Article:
"Papillon" was based on the memoirs of the real Henri Charrière, and it almost seems like a spoiler to know even that much, because this is one of those prison movies that is so harsh and so unrelenting, it's not clear whether or not our heroes are going to be alive at the end of it, let alone in any sort of condition to be writing memoirs. Prisoners die left and right from illness, exhaustion, malnutrition, and brutal treatment. It's the little details that sell it, the way the prisoners are hosed down on the transport ship, or the method of dispensing haircuts to the men in solitary confinement. Despite so much of "Papillon" dealing with incarceration, the story is sprawling and epic. Papillon's escape attempts lead to encounters with bounty hunters, a leper colony, and friendly natives. We see glimpses of other colonists, mostly military men and adventurers. Though not filmed in South America, the tropical Jamaican locations are a good stand-in, especially when aided by the sweeping cinematography of Fred J. Koenekamp.

I was more interested in the performance of Dustin Hoffman going into the film, because he's been one of my favorite actors for as long as I can remember, but it was Steve McQueen who really sold the picture. "Papillon" is pretty much two-and-a-half hours of watching this man being broken down by an incredibly cruel system of authority. Unlike in "The Great Escape," the damage goes deep and there's no way he's going to bounce back so easily. Particularly harrowing are the solitary confinement scenes, where there's nothing left to fight or outsmart, and Papillon must simply endure the insidious ravages of time, silence, and isolation. McQueen was known for being an icon of cool, which works well to establish him as the strong-willed hero who will never stop trying to escape, but it's when he's really tested and really suffering that he's at his most arresting. Because of the demands of the script, I don't think he has the chance to get really deep into the character, as Paul Newman did with Cool Hand Luke, but it's still one hell of a performance.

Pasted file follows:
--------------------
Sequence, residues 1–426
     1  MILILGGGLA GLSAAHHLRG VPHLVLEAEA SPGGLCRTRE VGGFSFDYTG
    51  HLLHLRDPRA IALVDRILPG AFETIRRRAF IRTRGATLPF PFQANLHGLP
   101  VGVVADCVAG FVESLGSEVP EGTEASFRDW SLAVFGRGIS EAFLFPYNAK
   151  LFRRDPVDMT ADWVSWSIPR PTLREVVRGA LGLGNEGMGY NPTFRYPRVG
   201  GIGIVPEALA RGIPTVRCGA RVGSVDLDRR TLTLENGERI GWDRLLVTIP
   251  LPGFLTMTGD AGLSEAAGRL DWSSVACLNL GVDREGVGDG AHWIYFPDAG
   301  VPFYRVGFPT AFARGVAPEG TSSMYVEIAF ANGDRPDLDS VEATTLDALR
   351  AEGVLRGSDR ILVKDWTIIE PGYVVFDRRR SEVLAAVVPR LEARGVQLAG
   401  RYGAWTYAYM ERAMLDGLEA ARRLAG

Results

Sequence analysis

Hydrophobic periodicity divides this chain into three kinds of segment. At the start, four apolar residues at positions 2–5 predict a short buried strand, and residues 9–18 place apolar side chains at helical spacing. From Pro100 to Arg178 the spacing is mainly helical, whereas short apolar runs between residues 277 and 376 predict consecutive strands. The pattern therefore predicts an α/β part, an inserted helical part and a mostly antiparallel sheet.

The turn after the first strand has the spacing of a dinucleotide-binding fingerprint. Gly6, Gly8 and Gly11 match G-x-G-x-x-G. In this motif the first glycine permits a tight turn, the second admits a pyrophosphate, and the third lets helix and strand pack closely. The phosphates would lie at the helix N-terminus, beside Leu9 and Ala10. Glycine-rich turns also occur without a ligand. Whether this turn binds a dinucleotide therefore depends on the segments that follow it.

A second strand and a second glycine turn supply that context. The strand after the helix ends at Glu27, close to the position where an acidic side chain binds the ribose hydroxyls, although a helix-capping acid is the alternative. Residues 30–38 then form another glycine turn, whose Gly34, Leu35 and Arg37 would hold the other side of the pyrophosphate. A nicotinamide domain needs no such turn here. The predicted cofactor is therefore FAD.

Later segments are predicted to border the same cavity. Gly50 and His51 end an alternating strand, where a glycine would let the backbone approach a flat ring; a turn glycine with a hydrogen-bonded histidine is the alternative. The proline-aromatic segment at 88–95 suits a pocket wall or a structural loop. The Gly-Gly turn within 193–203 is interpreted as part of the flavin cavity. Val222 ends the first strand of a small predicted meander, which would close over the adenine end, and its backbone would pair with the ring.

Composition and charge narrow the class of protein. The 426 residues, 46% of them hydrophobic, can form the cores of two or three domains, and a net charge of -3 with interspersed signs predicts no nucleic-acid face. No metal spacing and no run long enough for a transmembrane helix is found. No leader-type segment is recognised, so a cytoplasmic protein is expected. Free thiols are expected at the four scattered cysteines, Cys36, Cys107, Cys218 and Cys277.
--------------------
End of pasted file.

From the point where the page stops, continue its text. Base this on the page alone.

And then there's Dustin Hoffman as Dega, a little man with big, thick glasses who has absolutely no intention of escaping, believing that his best chance off of Devil's Island is through appeals going through the courts back home. He's our everyman to Papillon's rugged action hero, the one who gets injured easily and always looks awkwardly out of place in the jungle, but pulls his weight nonetheless. Hoffman's not pushing any boundaries here, playing a variation of the nebbish with hidden strength we'd already seen in films like "Straw Dogs," but he gives Dega such humanity and appeal, he's really invaluable to the film. "Papillon" easily could have been told from his point of view, and it might have been a more interesting film if it was.

"Papillon" recalls all those inspirational 60s war films about brave men overcoming impossible adversity. However, it's a little too simple and straightforward to match up to the real greats of the genre. Papillon is a terribly admirable individual, but we never do find out much about him. However, the gorgeous scenery, which Schaffner practically manages to turn into the film's third lead, is a treat for the eyes. The performances of McQueen and Hoffman are excellent, and actors have a great rapport with each other. The film may not be great, but it's still exciting, engaging, and frequently moving.

I'm not sorry I put off watching "Papillon," but I'm glad that I finally did see it.